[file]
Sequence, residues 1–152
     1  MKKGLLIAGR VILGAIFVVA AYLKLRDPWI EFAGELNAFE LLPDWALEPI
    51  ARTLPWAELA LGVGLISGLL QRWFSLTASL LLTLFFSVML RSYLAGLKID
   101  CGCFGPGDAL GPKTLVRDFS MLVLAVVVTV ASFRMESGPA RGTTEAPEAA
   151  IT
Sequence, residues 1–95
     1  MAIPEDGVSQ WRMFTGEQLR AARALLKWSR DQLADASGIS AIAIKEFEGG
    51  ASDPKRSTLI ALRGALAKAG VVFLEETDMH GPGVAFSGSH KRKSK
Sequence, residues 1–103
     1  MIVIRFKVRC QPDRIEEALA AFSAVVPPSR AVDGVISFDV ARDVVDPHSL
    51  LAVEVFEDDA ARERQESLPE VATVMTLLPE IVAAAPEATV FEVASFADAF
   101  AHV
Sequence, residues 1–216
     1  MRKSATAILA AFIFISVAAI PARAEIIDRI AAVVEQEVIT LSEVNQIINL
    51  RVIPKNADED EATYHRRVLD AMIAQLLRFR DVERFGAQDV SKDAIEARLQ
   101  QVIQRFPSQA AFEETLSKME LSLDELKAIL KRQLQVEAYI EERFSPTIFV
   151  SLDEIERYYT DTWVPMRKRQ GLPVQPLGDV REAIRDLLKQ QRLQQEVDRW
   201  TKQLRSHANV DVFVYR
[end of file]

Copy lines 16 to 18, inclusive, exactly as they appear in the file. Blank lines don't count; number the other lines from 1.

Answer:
   101  QVIQRFPSQA AFEETLSKME LSLDELKAIL KRQLQVEAYI EERFSPTIFV
   151  SLDEIERYYT DTWVPMRKRQ GLPVQPLGDV REAIRDLLKQ QRLQQEVDRW
   201  TKQLRSHANV DVFVYR